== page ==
I did a SCENAR treatment with Dr. W. today as well. It lasted about an hour. I still have to understand more about exactly what it all meant but it essentially helps cellular communication, removes blockage, and helps to detoxify. As the treatment ensued, I started feeling drops of sweat coming out from under my arms and then more and more. It was a bit embarrassing and I finally asked if that was common. He said it was common and meant that the body was detoxing things that the treatment was mobilizing. Whew... I thought I was going to have to go back to a stronger antiperspirant.
The treatment was mixed with some chiropractic and was very good. Dr. W. indicates that my head is not correctly aligned on my neck and that my spine has some scoliosis likely from a car accident in 1993. This fortunately is consistent with another practitioner I started working with just about 2 months ago in the US and so I felt good that I will continue to address that issue when I return. His chiropractic treatments are absolutely amazing. One suggestion if you do them - relax. It makes the treatment work so much better. Just let go and don't resist. It is easier said than done.
Dr. W. is someone I feel very blessed to have been treated by. He clearly has some very good ideas about Lyme disease and options for treating that are unique. I would however caution anyone planning to come here to have reasonable expectations. Lyme will not be cured in 3 weeks. It may not be cured in 3 months. Generally, with German patients, Dr. W. works with them for about 3 months before he feels that the major work around Borrelia has been completed. Thus, it would be difficult for anyone coming for only 3 weeks to comment on the efficacy of the treatment. Thus, other than to say that it has been less noticeable for me than it has for some others, I am optimistic and will continue the treatments at home after I return next week. Hopefully, a few months down the road, I will be able to comment further.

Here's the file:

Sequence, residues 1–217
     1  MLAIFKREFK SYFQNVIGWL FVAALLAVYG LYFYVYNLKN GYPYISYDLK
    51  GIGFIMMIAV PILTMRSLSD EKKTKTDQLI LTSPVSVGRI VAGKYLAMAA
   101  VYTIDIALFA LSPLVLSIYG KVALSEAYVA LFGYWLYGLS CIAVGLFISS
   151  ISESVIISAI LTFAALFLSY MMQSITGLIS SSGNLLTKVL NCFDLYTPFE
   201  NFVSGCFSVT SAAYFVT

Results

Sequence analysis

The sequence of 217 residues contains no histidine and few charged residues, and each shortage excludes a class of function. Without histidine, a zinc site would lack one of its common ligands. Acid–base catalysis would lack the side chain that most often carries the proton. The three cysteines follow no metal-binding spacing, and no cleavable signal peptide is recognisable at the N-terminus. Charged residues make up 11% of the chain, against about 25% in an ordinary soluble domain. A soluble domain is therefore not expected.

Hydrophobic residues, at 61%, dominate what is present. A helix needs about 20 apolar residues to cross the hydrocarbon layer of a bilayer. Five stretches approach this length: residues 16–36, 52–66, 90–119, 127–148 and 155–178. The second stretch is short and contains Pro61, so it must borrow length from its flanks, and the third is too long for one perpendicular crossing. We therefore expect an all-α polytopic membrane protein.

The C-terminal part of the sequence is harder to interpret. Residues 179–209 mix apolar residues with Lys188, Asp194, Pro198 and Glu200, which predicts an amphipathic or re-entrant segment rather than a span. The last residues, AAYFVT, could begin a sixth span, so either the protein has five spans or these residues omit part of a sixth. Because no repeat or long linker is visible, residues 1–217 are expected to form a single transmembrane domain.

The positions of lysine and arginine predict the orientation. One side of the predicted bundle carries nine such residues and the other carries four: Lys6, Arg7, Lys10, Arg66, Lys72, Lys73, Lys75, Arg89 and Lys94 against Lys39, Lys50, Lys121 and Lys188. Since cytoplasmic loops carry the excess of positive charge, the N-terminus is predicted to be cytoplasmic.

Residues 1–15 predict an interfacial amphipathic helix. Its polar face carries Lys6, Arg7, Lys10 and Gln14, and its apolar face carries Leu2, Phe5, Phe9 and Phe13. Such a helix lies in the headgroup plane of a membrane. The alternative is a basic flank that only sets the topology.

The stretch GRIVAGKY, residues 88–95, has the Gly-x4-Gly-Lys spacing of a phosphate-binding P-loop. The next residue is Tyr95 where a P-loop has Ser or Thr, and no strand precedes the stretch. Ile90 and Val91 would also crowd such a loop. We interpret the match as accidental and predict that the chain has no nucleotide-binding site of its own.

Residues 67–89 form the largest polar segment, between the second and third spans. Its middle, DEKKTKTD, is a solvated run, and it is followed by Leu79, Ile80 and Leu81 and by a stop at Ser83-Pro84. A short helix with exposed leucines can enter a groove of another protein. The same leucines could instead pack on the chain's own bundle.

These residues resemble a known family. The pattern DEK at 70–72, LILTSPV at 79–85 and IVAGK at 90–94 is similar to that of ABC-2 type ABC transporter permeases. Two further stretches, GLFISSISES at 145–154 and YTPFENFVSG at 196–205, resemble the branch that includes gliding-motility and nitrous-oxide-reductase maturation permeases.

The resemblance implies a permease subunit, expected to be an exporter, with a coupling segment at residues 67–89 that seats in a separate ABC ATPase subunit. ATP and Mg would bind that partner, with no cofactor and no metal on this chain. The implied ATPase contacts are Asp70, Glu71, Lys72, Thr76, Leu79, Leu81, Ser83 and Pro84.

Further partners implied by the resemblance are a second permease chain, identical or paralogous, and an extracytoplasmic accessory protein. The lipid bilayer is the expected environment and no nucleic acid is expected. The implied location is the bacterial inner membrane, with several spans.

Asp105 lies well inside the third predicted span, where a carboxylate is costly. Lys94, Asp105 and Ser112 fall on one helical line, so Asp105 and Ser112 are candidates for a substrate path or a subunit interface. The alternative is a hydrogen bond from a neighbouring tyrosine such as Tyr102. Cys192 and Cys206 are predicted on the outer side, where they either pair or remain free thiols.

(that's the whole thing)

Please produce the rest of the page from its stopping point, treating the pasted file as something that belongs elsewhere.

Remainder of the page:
This may not be the cure to everything that ails us, but it certainly does seem to be a piece of the puzzle. Whether or not the puzzle of chronic illness is solved with photons remains to be seen, but the puzzle is becoming a bit more clear as a result of this treatment.
On a side note, Germans here this week are very excited that we have a new President. Today at the "backerei" where they spoke limited English, the lady picked up the paper and pointed to Obama and said "Good" and smiled. I was told by someone else today that Americans are far less liked now in Europe than they were before George Bush was in office. We have a lot of healing to do on many levels....
Wednesday, November 5, 2008
Today was an off day for treatment. Tomorrow is treatment #4 with the photons. I went to Stuttgart for the day to see the birthplace of my dear friend and mentor GiGi. It was a great day. I walked for miles and have to say that I am feeling a bit tired tonight but I really did run around for a good eight hours, most of it on foot, up and down stairs, etc. So, I expect I will sleep good tonight. I have noticed that the photon treatments also make you a little more tired at times.
I took the train from Pforzheim to Stuttgart and then visited the main shopping district near the train station. It was a plethora of upscale stores and lots of wonderful bakeries. In fact, a bakery on every block if not two or three. Of course, one has to sample these delights to fully take in the culture. In the photo above, you can see the large strudel. I have never seen such a big strudel!